Joseph R. Biden: A Long Road to the Presidency
When Joseph Robinette Biden Jr. is sworn in as the 46th President of the United States on Jan. 20, it will mark a monumental capstone to a more than four-decade career in Washington.
Biden’s journey to career politician began in Pennsylvania, born as the oldest of four siblings in 1942. Biden has long spoken about his father’s financial struggle during the early years of his childhood, before the family relocated to Delaware for work.
Despite the family’s hardships, it was Biden’s speech impediment that affected him most as a child. A young Biden was often ridiculed by his classmates for his stutter, and earned the nickname “Dash” for his halting speech. Still, Biden excelled as a student athlete and high school class president, and decades later would speak of overcoming his speech impediment as a feat of strength.
At 24, Biden married his first wife, Neilia Hunter Biden, and had three children: sons Joseph “Beau” and Hunter Biden, and daughter Naomi.
Biden made political history for the first time in 1972, when he beat out a two-term republican incumbent in a major upset for a Delaware U.S. Senate Seat in one of the closest races of the election year. Upon his inauguration at 30 years old, Biden became the sixth-youngest senator in U.S. history.
But tragedy struck the family less than a month after Biden’s victory, when his wife and daughter were killed in an automobile collision. Hunter and Beau, who were also in the car at the time of the crash, were severely injured.
The loss derailed Biden, who prepared to resign from his newly won position in the Senate as he cared for his two surviving sons. His new colleagues — Republican and Democratic alike — rallied around him to stay on course. In January of 1973, Biden was sworn in as Senator from Delaware next to son Hunter’s hospital bed.
For the remainder of his career, Biden maintained balance between his Washington duties and his family.
Biden met his second wife — then Jill Tracy Jacobs — on a blind date in 1975, and has long credited her for renewing his passion in politics. The two went on to get married in 1977, and had a daughter, Ashley Biden.
With over a decade of experience under his belt, Biden launched his first presidential campaign in 1987.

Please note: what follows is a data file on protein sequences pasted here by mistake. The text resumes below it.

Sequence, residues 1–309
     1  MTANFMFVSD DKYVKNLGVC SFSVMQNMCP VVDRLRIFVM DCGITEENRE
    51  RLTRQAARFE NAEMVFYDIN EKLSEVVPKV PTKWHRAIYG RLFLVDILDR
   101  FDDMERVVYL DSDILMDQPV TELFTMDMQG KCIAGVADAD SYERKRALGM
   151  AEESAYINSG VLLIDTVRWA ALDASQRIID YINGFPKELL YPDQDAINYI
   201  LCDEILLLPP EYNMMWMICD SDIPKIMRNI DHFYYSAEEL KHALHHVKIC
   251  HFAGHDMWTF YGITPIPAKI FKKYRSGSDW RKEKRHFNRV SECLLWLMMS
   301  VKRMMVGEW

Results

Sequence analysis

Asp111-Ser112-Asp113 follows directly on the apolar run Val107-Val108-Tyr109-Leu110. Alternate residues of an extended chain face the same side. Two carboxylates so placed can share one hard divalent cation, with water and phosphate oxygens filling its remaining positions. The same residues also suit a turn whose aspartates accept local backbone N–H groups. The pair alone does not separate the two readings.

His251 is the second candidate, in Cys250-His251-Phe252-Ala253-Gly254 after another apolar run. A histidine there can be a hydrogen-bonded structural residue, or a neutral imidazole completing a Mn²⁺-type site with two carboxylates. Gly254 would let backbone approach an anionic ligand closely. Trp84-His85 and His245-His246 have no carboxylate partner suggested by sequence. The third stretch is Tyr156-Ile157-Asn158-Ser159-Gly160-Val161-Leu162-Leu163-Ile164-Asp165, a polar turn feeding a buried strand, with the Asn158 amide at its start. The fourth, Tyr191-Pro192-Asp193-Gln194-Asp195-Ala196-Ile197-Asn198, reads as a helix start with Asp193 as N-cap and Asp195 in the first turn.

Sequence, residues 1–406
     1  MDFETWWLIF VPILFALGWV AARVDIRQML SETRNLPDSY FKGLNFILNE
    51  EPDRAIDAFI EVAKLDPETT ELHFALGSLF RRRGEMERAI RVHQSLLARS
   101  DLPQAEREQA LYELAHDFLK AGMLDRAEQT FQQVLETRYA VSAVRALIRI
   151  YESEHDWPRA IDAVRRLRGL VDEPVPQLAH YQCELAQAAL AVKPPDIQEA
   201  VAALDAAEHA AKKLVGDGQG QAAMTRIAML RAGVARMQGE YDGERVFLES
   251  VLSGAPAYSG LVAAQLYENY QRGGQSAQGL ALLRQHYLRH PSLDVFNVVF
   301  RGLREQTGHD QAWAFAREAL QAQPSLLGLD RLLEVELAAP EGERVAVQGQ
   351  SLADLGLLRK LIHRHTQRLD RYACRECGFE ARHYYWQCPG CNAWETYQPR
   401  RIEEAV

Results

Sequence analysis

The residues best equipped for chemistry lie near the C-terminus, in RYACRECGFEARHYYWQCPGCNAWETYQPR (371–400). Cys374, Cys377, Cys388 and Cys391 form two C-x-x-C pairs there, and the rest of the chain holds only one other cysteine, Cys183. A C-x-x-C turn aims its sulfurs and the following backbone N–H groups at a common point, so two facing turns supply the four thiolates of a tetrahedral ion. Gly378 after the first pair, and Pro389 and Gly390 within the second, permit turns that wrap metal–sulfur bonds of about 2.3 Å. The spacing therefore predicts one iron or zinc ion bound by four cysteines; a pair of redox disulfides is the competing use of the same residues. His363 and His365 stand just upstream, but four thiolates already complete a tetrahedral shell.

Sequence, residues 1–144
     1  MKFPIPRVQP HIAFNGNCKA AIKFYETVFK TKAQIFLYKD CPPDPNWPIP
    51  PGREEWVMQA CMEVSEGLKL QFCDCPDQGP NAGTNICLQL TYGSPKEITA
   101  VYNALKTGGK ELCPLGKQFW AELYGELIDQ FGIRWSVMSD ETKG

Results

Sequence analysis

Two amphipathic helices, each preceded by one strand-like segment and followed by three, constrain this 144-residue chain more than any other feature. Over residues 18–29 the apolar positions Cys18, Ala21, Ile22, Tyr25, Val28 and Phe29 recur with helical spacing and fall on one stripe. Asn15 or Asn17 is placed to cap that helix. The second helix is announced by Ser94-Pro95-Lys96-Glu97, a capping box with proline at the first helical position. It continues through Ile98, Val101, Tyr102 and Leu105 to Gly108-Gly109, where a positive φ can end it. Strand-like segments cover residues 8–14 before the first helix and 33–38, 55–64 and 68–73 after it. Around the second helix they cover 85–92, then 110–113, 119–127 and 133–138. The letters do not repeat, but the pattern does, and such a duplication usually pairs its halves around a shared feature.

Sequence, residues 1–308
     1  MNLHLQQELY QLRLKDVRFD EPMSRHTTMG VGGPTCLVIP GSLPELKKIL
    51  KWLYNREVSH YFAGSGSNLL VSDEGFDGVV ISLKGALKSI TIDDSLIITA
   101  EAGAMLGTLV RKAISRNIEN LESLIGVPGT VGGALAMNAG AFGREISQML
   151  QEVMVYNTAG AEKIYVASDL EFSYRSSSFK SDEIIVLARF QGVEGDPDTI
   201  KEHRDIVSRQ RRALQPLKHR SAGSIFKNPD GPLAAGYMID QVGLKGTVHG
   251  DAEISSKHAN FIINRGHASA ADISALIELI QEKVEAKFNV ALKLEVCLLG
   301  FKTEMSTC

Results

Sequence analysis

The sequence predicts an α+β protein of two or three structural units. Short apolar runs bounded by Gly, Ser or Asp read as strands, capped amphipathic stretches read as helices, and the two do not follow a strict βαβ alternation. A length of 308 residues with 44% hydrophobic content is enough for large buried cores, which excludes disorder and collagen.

It was a short-lived bid for the White House. Within three months, Biden was shamed by accusations of plagiarism in his stump speeches and records of being reprimanded for plagiarism in college, and withdrew his candidacy.
But Biden quickly redeemed his reputation, chairing the Senate Judiciary Committee’s effort to block conservative Supreme Court nominee Robert Bork in 1988.
Biden would go on to chair another high-profile Supreme Court nomination: That of Clarence Thomas, who was accused of making unwelcome sexual advances against former colleague Anita Hill. As chair of the judiciary committee, Biden made the decision not to include corroborating testimonies from other witnesses alleging sexual harassment and the nomination was ultimately approved.
Biden’s influence didn’t end at the bench of the Supreme Court: Amid rising crime rates and pressure on Democrats to be tough on crime in the early ‘90s, Biden spearheaded a sweeping Crime Bill.
The legislation included the federal assault weapons ban and the Violence Against Women Act, but also increased jail time and punishments for lesser crimes. Critics say the fallout from the bill disproportionately impacted black and brown communities, especially in terms of rates of incarceration.
Biden was reelected to serve as Delaware’s senator in 1996, 2002, and 2008, when he also announced his intention to run for president in the 2008 election. During his presidential campaign, Biden stressed his experience with foreign policy over that of then-candidate Barack Obama, saying: “I think he can be ready, but right now I don’t believe he is.”
Biden ultimately pulled out of the presidential race after the Iowa caucus, leading Obama to select Biden as his number two.
The political pairing evolved into a self-described bromance, immortalized with friendship bracelets and selfie videos, among more notable achievements. Obama would go on to award Biden the Presidential Medal of Freedom to his vice-president, calling Biden his “brother” in an address that brought tears to the vice president’s eyes.
During Biden’s second term as vice president, tragedy struck again, when his eldest son, Beau Biden, passed away from brain cancer. The tragedy had a lasting impact on the vice president, who still often invokes his son’s name during public events.
Biden’s path to the oval office has not been smooth, marred by personal tragedy and political mistakes. But the president-elect has learned to use his sorrow for political gain, as could be seen with his personal interactions on the campaign trail with grieving families who lost a loved one to the coronavirus pandemic.
Biden has also owned up to his role in mass incarceration rates, pledging during his 2020 presidential campaign to reverse to put racial justice at the forefront of his administration — with focus on an overall push for diverse representation, starting within his own White House
via New York Times
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